Hong Kong bookseller case shows weak international community: report

Hong Kong bookseller goes public
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Story highlights

  • International community not doing enough to pressure China on human rights, report says
  • Actions by UK and Swedish governments regarding citizens detained by China rebuked

Hong Kong (CNN)The case of five Hong Kong booksellers allegedly abducted by Chinese government agents shows how the international community has failed to pressure Beijing on human rights, a new report claims.

In June, bookseller Lam Wing-kee told CNN how he was blindfolded and seized by "special forces" as he crossed the border from Hong Kong to China.
    He spent five months in solitary confinement and a time under house arrest before being returned to Hong Kong on bail, where he defied his captors to tell the world what had happened.
    "The booksellers' disappearances were a vivid indication that the long arm of the Chinese security state could and would reach into Hong Kong and beyond," PEN America, which lobbies for free speech rights worldwide, said in a statement.

    Angry response

    Beijing has always reacted vociferously to international criticism, especially on what it considers "sensitive" topics like Hong Kong, Tibet or Taiwan.
    Last month, Foreign Ministry officials angrily slapped down a British report into the situation in Hong Kong.
    The UK -- which has a treaty obligation to Hong Kong as a signatory to the 1984 Sino-British Joint Declaration -- said the booksellers case was a "serious breach" of the declaration and raised concerns over the city's constitutional protections.
    "Given this hostile response to public expressions of alarm or outrage, foreign governments have often preferred private diplomacy in China over public condemnation of even egregious human rights violations," according to the PEN report.
    Human Rights Watch warned last year that "even as China has taken major steps backwards on human rights under Xi Jinping, most foreign governments have muted their criticisms of its record."
    Speaking at an event in New York this week, dissident Chinese artist Ai Weiwei asked whether "human rights (is) still an issue can be talked about?"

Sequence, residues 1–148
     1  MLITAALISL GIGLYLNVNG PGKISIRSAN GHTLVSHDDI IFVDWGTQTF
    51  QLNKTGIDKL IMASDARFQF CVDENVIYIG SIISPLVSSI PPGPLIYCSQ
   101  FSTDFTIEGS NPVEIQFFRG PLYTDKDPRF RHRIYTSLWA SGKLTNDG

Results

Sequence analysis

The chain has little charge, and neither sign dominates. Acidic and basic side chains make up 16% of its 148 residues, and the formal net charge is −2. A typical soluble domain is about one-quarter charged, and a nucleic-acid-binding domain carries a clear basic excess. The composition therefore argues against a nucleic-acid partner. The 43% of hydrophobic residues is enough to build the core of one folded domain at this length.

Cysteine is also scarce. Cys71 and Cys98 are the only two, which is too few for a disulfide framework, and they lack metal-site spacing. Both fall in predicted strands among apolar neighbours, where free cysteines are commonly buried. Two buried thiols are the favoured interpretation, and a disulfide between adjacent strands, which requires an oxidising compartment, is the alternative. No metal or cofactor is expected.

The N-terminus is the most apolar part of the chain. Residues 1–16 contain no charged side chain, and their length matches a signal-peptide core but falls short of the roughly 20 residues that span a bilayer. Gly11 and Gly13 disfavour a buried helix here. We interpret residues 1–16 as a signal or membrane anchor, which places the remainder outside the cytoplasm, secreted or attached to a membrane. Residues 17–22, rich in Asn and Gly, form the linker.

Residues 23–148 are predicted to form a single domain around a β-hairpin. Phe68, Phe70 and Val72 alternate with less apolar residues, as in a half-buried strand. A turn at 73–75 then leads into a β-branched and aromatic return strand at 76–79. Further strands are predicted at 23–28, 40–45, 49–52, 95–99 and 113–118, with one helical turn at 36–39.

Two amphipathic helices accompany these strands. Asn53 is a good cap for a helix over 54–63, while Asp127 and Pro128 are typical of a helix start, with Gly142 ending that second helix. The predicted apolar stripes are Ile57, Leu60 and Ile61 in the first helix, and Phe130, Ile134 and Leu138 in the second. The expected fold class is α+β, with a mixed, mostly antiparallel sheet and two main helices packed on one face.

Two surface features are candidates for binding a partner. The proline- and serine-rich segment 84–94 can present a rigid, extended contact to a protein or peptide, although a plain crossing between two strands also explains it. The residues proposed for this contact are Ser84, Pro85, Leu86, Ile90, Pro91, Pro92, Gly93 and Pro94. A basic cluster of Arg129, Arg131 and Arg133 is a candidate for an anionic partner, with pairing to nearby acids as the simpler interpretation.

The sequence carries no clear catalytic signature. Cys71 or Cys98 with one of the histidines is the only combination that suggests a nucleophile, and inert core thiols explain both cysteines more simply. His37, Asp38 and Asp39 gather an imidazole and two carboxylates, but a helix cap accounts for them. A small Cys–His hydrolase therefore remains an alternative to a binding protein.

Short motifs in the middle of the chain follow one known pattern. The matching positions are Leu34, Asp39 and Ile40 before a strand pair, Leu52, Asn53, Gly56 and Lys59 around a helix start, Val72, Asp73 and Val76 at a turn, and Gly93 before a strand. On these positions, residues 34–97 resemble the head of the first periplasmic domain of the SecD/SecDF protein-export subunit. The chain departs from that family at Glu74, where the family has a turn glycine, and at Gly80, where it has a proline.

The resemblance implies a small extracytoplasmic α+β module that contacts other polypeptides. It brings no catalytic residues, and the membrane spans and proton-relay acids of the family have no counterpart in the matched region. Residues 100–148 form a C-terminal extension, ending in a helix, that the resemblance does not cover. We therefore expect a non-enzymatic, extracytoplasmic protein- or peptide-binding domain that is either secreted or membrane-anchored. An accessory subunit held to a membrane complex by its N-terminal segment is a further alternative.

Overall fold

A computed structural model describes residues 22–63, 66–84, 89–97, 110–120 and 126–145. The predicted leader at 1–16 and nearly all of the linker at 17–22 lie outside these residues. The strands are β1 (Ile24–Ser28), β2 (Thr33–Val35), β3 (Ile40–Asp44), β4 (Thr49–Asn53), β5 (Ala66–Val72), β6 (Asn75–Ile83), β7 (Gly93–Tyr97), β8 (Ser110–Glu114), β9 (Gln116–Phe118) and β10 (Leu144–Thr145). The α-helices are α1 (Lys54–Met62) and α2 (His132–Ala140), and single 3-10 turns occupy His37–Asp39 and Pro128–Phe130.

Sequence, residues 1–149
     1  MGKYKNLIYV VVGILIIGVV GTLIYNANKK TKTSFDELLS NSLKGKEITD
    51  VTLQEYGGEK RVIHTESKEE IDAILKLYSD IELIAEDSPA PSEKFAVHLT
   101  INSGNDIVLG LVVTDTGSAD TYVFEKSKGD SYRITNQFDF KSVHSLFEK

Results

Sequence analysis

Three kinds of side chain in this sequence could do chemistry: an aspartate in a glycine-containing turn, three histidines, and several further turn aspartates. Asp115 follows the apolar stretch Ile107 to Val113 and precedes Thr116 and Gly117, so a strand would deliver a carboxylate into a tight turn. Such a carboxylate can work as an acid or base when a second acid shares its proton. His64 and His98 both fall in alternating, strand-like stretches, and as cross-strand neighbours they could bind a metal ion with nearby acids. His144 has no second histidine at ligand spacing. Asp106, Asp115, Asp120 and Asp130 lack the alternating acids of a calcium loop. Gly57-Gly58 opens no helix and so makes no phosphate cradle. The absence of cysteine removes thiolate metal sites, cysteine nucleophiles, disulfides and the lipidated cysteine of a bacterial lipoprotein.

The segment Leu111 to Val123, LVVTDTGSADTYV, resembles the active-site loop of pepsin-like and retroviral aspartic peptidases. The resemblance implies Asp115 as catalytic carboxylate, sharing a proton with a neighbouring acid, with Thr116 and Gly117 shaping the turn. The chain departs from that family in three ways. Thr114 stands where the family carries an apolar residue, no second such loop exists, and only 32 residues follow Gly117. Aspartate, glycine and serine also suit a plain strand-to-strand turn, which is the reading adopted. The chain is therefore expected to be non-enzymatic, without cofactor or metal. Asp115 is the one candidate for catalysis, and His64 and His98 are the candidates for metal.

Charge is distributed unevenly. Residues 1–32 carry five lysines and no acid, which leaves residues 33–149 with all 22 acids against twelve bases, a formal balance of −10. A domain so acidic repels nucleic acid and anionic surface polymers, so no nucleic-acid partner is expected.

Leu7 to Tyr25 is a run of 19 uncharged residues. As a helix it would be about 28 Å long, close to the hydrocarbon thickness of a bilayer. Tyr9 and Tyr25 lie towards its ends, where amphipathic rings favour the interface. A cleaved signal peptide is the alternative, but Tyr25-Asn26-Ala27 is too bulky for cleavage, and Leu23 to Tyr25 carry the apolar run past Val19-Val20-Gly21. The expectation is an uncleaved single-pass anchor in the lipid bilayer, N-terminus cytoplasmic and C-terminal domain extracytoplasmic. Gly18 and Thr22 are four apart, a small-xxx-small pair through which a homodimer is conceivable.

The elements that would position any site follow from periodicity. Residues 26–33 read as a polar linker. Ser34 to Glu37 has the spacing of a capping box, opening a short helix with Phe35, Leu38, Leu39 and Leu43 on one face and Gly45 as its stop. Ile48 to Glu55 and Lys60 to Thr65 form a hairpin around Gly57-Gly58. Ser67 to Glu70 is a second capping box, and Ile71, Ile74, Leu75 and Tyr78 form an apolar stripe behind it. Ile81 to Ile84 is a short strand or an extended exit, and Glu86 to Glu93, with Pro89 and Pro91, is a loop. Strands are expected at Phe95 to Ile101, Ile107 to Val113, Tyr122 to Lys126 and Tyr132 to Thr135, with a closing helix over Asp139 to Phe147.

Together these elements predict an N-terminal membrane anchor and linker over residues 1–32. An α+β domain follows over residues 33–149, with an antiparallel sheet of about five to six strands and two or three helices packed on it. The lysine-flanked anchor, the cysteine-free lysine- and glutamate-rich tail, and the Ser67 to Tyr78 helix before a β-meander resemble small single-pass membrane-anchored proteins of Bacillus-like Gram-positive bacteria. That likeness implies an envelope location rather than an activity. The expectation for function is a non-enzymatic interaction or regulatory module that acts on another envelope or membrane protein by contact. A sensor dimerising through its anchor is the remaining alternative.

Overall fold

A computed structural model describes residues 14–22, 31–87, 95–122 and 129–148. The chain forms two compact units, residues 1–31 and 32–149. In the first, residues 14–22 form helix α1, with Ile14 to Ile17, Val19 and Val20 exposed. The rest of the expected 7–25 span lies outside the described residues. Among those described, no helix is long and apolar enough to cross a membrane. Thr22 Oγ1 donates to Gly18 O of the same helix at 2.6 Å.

He called on foreign governments to do more to pressure Beijing: "There's no excuse to sacrifice any values, to not mention human rights, not to defend those values. This is a very bad move."
    A protester displays a photo of Chinese President Xi Jinping during a rally to support the Hong Kong booksellers.

    'Bizarre view of citizenship'

    Angela Gui, whose father Gui Minhai is still in detention in China, told PEN that "if the international community stays quiet, it's just going to be forgotten about and the Chinese will keep him as long as they like."
    Gui Minhai is a Swedish citizen, and the country's representatives have called for him to be released. He was born in China but does not hold a Chinese passport.
    Beijing however has largely refused to acknowledge Gui's Swedish citizenship, and regards him as Chinese.
    British diplomats have also complained of being denied access to detained bookseller Lee Bo, who holds a UK passport.
    Lee is "first and foremost a Chinese citizen," Chinese Foreign Minister Wang Yi said in January.
    "It's a bizarre view of citizenship," Angela Gui told CNN recently. "China is a country that doesn't really respect the rule of law."
    China has repeatedly asserted that it views Gui and Lee's cases as an internal affair, and warned against "unwarranted accusations" from outside parties.
    The booksellers case, warns PEN, "indicates China's determination to unilaterally define issues of narrative and even identity, in the expectation that it will not be challenged."